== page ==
> all of the available books in erlang. But I haven't found the precise description of efficient
> binaries pattern matching. Though, I haven't read sources yet :) But I hope
> that people, who already have read them, would read this post. Here are my questions.
>
>
>  1. How many match contexts does an erlang binary have?
>

In general, a match context is created for every "<<"
and destroyed at ">>".

The exception is if the last thing matched is a binary,
in which case the match context can be retained in
certain cases (delayed sub-binary creation). For
example:

<<..., T/binary>> = Var,
<<...>> = T

>  a) if we match parts of a binary sequentially and just once
>
>         A = <<1,2,3,4>>.
>         <<A1,A2,A3,A4>> = A.
>
>  Do we have just one binary match context(moving from the beginning of A to the end), or four?

One.

>  b) if we match parts of a binary sequentially from the beginning to the end for the first time
>     and(sequentially again) from the beginning to the end for the second time
>
>         B = <<1,2,3,4>>.
>         <<B1,B2,B3,B4>> = B.
>         <<B11,B22,B33,B44>> = B.
>
>   Do we have just a single match context, which is moving from the beginning of B to the end
>   of B and then moving again from the beginning of B to the end of B,

No.

>   or
>
>   we have 2 match contexts, one is moving from the beginning of B to the end of B,
>   and another - again from the beginning of B to the end of B (as first can't move
>   to the beginning again)

Yes.

>   or we have 8 match contexts?

No.

>
>  2. According to [documentation][3], if I write:
>
>         my_binary_to_list(<<H,T/binary>>) ->
>             [H|my_binary_to_list(T)];
>         my_binary_to_list(<<>>) -> [].
>
>  there will be only 1 match context for the whole recursion tree, even though, this
>  function isn't tail-recursive.
>
>  a) Did I get it right, that there would be only 1 match context in this case?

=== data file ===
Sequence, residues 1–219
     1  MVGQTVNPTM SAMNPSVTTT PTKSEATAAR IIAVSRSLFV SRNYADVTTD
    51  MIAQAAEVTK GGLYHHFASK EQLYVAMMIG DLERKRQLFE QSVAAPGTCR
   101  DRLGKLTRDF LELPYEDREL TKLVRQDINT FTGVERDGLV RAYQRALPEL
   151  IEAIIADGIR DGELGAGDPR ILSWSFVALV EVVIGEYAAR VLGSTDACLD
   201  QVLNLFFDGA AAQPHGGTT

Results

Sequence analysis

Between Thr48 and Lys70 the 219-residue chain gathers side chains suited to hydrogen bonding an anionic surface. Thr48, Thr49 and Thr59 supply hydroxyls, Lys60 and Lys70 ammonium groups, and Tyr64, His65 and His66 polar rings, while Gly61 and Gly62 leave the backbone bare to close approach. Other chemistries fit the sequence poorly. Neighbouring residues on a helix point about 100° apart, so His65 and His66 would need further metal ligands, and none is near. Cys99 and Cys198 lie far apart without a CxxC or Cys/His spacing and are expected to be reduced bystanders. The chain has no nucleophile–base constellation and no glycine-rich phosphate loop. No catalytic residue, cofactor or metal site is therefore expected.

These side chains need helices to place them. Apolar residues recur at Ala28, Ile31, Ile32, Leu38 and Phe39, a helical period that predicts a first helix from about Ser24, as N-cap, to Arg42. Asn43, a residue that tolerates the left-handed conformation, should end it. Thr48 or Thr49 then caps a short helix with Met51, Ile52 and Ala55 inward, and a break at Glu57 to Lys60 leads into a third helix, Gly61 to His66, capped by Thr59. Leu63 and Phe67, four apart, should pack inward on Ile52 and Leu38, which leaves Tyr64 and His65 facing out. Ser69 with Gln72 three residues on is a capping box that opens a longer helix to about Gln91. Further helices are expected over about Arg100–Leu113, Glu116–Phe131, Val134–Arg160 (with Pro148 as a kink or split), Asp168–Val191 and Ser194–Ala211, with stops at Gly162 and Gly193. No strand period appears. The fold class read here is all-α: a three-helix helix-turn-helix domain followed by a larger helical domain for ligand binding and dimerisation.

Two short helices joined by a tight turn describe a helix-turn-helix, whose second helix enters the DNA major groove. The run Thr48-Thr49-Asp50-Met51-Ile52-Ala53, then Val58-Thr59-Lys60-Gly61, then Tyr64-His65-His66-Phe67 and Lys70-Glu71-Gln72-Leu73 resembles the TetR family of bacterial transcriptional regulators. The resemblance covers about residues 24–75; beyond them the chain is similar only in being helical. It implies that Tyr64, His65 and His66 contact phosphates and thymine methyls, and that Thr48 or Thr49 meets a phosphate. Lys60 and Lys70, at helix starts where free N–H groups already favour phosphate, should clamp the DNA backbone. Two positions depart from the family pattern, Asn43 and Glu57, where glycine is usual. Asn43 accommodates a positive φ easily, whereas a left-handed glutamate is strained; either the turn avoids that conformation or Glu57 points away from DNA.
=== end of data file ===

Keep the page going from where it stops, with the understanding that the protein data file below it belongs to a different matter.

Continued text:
>
Yes.

>  b) Did I get right, that if I match an erlang binary sequentially(from the beginning to
>  the end), it doesn't matter which recursion type(tail or body) has to be used?(from the binary-matching efficiency point of view)

Yes.

>
>  c) What if I'm going to process erlang binary NOT sequentially, say, I'm travelling through
>    a binary - first I match first byte, then 1000th, then 5th, then 10001th, then 10th...
>
>    In this case,
>
>    d1) If I used body-recursion, how many matching contexts for this binary would I have -
>    one or >1?
>
>    d2) if I used tail-recursion, how many matching contexts for this binary would I have -
>    one or >1?

It depends on your code. Potentially one match context could be enough.

Use the bin_opt_info option to find out.

>
>  3. If I pass a large binary(say 1 megabyte) via tail recursion, Will all the 1 megabyte data be copied? Or only a some kind of pointer to the beginning of this binary is being passed between calls?

Only a pointer. It doesn't matter whether you use tail-recursion or not.

In general, binaries are not copied, especially not big binaries.
(Binaries no more than 64 bytes in size may be stored on the
process heap and they will be copied when sent to another
process or stored in ETS tables.)

>  4. Does it matter which binary I'm matching - big or small - a match context will be created for binary of any size or only for large ones?

It doesn't matter.

/Bjorn

--
Bj?rn Gustavsson, Erlang/OTP, Ericsson AB